First, though, I can hardly say a single bad thing about the lovely cast and band and crew in this 80th Season finale for the venerable Kirkwood Theatre Guild. Everyone on stage and in the pit is good, and Kent Coffel (as the larger-than-life director in Curtains' back-stage story) is quite magnificent. Well, some of the other performers may have lacked the full measure of confidence; and Alan Aguilar (as the star-struck detective in this musical whodunit) has a few elocution problems. But he persists, and even survives this unbearably bad, penultimate Kander and Ebb effort.
True, the book did win the Drama Desk award for excellence in 2007, but (against much better-reviewed shows like Legally Blonde and Spring Awakening) it may have been a split-decision, or even a "pity vote." But pity won't do you any good four years later and a thousand miles away. In fact, when Broadway critics sympathetically honor (and implicitly promote) a show like this to theaters across the country, the voting members of the Drama Desk ought to seriously consider the possibility of "downstream artistic pollution."
The chief problem is the long, long scene changes. But, given that the Kirkwood company has long enjoyed one of the best set-building crews of any amateur theater in St. Louis, how can there be so much wasted time spent in changing the scenery? The answer may be in two parts. First and foremost, there's the wildly impractical nature of the storytelling, which takes us back-stage, and then out-front, and then back again. The second reason is purely speculative, and less plausible: that the old-timers who were so reliable behind-the-scenes in Kirkwood for years and years have turned the shop over to new cadre of new set designers and carpenters, without so much experience to draw on. But who knows? Probably, set designer Stephanie Draper and Master Carpenter Doug Chapis are every bit as good as the old timers. It's just that the 180 degree set-changes they're asked to make work quickly and repeatedly are simply impossible, when your budget is in the tens of thousands of dollars, and not the tens of millions.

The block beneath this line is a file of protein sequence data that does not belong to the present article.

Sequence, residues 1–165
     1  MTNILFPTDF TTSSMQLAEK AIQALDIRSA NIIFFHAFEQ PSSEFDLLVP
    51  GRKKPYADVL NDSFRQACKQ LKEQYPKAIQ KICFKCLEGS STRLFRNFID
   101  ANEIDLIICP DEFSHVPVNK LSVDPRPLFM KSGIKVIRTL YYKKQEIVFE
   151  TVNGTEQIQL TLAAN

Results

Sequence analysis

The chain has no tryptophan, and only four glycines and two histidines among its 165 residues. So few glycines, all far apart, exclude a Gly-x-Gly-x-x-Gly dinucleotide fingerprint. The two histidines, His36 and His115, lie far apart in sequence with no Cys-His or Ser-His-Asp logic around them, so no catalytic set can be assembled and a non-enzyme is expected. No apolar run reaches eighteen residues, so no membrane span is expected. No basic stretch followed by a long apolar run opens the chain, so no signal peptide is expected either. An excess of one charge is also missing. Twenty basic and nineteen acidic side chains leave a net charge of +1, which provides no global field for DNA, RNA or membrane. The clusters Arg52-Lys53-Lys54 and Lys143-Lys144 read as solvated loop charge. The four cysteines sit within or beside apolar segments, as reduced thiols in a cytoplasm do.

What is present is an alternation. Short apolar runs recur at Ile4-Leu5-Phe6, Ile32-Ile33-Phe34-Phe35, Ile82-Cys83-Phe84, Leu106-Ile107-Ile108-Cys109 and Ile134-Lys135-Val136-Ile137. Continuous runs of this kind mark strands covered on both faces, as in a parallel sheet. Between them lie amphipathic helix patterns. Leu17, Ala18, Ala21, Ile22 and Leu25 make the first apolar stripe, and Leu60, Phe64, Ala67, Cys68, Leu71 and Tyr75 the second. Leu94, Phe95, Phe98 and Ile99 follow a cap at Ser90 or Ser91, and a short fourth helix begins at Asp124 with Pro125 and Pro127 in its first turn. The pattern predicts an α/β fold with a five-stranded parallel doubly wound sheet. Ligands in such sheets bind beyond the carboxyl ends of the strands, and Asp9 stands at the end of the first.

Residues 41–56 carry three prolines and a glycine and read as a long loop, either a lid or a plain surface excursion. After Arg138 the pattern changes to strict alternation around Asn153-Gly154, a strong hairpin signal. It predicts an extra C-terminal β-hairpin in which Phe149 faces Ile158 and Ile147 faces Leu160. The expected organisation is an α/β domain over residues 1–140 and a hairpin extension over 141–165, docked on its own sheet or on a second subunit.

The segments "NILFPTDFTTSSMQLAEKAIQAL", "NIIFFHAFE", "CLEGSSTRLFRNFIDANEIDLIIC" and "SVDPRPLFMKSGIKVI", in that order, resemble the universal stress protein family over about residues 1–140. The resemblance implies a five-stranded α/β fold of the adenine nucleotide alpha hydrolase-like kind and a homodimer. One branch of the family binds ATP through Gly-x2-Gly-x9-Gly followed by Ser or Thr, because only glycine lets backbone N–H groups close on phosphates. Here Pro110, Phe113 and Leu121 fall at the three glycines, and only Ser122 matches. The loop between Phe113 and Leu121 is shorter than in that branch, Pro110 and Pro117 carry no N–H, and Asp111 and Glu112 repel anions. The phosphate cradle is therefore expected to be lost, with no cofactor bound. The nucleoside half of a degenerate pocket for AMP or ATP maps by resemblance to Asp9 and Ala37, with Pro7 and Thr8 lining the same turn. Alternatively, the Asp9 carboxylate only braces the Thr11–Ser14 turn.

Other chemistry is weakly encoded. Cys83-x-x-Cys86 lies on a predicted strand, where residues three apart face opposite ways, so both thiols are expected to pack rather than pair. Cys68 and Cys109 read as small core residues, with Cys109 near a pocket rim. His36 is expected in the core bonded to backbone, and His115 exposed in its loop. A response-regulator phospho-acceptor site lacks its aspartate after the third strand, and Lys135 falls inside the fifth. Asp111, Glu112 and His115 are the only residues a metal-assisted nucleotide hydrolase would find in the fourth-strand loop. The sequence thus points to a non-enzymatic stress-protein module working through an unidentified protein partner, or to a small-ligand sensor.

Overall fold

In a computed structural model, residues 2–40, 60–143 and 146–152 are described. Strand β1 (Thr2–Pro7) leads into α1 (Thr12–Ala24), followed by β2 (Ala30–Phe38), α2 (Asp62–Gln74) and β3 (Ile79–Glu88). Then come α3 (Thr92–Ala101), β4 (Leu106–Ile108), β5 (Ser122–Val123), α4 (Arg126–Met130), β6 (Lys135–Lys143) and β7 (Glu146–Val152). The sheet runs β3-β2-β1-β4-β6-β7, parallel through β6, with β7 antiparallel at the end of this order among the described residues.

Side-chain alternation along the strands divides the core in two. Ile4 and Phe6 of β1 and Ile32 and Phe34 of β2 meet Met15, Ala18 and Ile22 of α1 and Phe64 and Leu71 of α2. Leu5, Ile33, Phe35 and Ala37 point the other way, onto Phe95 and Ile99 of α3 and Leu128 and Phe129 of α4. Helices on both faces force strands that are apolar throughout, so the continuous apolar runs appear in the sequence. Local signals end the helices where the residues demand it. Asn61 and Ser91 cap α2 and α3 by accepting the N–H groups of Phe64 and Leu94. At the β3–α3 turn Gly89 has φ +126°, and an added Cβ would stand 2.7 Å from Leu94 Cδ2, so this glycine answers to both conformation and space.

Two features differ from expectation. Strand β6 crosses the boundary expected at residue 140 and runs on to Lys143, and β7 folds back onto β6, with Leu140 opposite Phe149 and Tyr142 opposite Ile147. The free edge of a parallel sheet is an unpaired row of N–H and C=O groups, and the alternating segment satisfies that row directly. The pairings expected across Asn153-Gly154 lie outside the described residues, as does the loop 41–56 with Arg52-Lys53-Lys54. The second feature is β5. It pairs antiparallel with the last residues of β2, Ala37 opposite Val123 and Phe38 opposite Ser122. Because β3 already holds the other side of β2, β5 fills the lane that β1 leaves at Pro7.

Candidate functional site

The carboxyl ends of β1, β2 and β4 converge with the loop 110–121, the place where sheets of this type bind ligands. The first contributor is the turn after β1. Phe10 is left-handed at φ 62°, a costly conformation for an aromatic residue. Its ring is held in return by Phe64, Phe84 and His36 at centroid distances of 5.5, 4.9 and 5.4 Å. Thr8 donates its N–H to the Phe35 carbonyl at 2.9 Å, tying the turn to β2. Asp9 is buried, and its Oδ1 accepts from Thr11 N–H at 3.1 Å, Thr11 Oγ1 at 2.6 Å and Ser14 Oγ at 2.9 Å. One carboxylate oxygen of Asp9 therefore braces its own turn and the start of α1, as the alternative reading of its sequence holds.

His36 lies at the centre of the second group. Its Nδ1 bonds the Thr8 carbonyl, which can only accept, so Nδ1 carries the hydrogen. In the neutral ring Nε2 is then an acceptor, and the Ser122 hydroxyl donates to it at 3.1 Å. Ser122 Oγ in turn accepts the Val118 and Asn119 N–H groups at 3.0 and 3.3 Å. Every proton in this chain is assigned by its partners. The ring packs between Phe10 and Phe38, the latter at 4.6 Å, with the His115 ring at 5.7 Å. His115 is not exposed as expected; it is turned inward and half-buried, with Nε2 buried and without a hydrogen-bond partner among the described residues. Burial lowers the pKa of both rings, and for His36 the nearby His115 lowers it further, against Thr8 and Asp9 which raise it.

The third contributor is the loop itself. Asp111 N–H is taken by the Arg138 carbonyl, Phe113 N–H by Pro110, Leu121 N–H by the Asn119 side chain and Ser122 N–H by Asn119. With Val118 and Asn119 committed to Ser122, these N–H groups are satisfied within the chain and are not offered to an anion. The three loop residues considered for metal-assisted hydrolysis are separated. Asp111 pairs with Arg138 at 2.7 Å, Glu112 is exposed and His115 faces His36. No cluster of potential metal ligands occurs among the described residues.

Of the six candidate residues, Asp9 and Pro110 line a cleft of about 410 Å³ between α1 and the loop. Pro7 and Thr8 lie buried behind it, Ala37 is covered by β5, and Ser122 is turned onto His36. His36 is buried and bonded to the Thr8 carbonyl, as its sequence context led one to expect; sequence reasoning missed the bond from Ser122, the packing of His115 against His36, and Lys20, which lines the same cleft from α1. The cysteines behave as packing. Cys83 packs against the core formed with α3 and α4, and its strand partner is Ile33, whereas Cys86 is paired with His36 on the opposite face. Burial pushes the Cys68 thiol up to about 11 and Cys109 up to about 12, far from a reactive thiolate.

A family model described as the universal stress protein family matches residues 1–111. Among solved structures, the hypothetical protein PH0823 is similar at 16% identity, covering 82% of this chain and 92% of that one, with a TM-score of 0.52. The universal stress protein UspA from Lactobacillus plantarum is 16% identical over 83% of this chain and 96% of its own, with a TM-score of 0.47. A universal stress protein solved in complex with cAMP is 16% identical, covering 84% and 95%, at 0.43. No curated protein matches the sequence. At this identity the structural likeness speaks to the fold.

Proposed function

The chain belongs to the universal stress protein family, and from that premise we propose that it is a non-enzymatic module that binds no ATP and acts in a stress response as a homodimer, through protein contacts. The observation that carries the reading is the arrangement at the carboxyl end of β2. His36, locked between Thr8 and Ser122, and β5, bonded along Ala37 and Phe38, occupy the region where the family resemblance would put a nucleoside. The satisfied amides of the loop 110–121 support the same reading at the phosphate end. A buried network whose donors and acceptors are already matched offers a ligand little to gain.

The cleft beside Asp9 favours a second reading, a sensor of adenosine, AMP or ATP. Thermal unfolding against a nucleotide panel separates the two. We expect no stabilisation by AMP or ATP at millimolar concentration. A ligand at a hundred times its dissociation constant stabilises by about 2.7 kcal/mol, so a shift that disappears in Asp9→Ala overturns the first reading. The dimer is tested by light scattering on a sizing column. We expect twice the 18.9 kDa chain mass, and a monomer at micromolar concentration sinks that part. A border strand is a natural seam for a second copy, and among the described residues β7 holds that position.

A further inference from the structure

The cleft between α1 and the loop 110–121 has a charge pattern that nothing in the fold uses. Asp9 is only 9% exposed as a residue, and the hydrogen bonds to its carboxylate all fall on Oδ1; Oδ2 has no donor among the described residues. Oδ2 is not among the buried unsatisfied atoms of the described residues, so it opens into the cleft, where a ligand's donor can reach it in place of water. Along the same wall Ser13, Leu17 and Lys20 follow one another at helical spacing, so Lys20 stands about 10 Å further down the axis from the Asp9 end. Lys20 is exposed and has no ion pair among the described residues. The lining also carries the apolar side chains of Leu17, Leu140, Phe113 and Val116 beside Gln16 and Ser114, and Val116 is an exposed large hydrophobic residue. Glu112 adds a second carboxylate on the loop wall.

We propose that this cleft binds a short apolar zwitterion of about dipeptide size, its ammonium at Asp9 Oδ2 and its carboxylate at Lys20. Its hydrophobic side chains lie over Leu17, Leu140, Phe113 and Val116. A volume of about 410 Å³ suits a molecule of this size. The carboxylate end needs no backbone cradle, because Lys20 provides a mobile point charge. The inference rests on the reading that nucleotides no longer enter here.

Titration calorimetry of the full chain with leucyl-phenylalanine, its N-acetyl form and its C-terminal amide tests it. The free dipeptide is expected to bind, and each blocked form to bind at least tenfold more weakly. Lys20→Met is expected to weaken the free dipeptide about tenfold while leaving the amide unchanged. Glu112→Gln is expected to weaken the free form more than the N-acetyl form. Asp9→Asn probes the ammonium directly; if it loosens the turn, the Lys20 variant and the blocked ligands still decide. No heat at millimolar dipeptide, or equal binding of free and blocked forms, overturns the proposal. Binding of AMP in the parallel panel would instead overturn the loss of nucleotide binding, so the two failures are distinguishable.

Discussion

Earlier, I said there were hardly any grounds for complaint about the actors. But maybe the original Broadway cast was blessed with some great gift of satire that made the usual tropes of bad theater seem wacky and off-beat in a way that steady, genuine Midwesterners cannot quite fathom. Director Adam Grun did manage to get his entire cast on stage with nice, naturalistic performancesthough now he's got his hands full with the unworkable technical side of the project. He's lucky to have choreographer Kimberly Klick and musical director Justin Smolik to spruce things up whenever possible (and the chorus work developed by Mr. Smolik is sometimes startlingly good). It's just a terrible, thoughtless book, with terrible, thoughtless "songs" splattered against it.
Still and all, Joy Powell and Jeff Wright are very good as Mr. Stone's (and post-mortem collaborator Rupert Holmes') approximation of a 1959-era Comden and Green. And Laura Kyro, Bert Wunderlich and Tom Day, as backers and producers, supply a high level of professionalism that this property doesn't really deserve. Nisrine Omri is very personable and reliable as the girl who gets involved with the detective, and Sara Rae Womack and Tim Grumich are charming, too. David DeRose is highly credible as the stage manager, and Don Knobbe is excellent as a glowering Boston critic.
But the only remotely "show-stopping moments" (other than those stultifying scene changes) are when somebody gets killed on stage. And yet I fear that, even with a cast of thousands, there could never be enough murder in Curtains to placate the feelings you'll have, angrily trudging back to your car, two hours and forty minutes later.
Through May 7, 2011, at the Robert G. Reim Theatre, at the south end of the Kirkwood Recreation Center, 111 South Geyer Road. For more information call (314) 821-9956 or visit them on-line at www.ktg-onstage.org.